The next time you have a couples gaming night I recommend taking a trip to Vegas. Not as patrons of the casino scene, but rather as purveyors of the night life as you gamble over property and power against your fellow entrepreneurs of sin city. Lords of Vegas is a fantastic “take-that” game where the house always wins, but not every house is created equal.
Designers: James Ernest | Mike Selinker
Playtime: 90 min
Laying out the board, the players will get their first impression with the upcoming Vegas experience and I’ll say it’s both beautifully rendered and easy to follow. Lately, I’ve noticed that beautiful boards tend to look busy at the risk of intimidating the uninitiated for its game. The Lords of Vegas board doesn’t sacrifice its functional structure for ascetics and it still comes off as an immersive playground. The cards, dice, score chips, and property tiles follow the “pretty-and-functional” model. While the little plastic “parking lot” chits came out of the middle-school math department’s counter supply, they really work and I wouldn’t change them for anything overly produced.
Then there’s the paper money… I don’t like paper money. Not sure if that’s a reaction to growing up with paper money games and flashbacks of messy boxes and crumpled components, but it is the most fiddly part of play as money is constantly moving in this game. If a fancy edition comes out one day the paper money has got to go. In the meantime, I’ve personally upgraded my money to some clay poker chips to use in place of the cash and have found that this greatly improves the thematics and playability of the game.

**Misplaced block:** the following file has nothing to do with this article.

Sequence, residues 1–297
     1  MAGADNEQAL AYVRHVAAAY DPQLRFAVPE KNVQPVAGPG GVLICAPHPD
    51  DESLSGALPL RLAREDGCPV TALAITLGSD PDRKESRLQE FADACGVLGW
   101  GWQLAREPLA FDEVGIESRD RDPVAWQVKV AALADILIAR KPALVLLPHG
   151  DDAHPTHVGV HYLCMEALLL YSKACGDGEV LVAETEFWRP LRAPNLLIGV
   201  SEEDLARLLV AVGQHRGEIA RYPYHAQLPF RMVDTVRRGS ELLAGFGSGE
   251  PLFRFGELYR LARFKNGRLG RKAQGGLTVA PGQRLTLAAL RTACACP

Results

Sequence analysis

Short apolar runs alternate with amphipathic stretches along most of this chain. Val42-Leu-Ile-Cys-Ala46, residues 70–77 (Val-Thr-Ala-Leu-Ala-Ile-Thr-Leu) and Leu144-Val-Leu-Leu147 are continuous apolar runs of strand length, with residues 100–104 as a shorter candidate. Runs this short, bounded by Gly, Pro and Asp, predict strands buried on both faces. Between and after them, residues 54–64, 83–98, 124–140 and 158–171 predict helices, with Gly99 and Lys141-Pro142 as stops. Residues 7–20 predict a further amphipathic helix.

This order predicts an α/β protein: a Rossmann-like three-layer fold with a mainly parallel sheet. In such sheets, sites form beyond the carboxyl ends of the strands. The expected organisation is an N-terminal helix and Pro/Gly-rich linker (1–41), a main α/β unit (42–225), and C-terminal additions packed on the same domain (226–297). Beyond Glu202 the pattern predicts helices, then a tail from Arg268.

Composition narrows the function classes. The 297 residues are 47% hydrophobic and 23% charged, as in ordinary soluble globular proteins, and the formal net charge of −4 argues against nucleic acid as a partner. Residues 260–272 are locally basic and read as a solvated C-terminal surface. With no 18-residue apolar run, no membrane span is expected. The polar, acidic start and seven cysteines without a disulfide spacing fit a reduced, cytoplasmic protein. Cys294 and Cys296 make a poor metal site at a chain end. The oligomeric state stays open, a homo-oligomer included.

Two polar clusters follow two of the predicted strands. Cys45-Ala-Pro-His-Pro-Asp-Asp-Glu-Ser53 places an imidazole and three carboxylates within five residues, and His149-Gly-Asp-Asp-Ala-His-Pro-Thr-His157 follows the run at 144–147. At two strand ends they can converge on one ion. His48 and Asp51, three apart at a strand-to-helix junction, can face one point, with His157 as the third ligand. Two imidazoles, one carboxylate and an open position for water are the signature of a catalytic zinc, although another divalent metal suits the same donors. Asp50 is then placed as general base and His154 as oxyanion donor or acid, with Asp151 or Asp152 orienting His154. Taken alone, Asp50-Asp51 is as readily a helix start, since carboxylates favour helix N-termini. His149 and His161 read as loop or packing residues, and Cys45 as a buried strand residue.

So how do all these pieces bring us to vegas? As I mentioned before, we’re not playing a game of slots, craps, or blackjack, but about owning casinos. It’s an area control game, but instead of controlling land with troops you’re buying property and controlling your neighbors’ investments with your influence and power. And it’s all done in Vegas style.
Players with the highest score wins and scoring is based on size and ownership of casinos. While multiple players can have a stake in a casino and make money as part-owners, only the boss of the casino scores the points. Eventually, players will get to a point where their smaller casinos no longer advance them along the score track. This little inclusion to the design forces players to be more strategic about their decisions and limits runaway scoring for a single lucky draw. It also helps advance the game through an arc, avoiding the samey feeling one might get if there was no climactic tension.
“It’s an area control game… controlling your neighbors’ investments with your influence and power.”
Each round a card is drawn from the property deck and the current player is awarded that space (this is the primary way of acquiring new properties). Each of these cards also represents 1 of the 5 casino franchises being built on the strip and triggers a “payout” for the matching casinos on the board. As players decide which casinos to invest in, they’re always looking at how many have already been revealed versus how many are left in the deck. There are only 9 of each color in the deck (plus the bonus strip payouts), so it’s always good to have an eye on the future.
Then, the current player gets to start spending money on as many actions as they want. These actions include:
Build – Pay the required amount to place a casino tile of any available color on a lot you own and mark it with one of your dice in the middle matching the pips with the graphic on the board.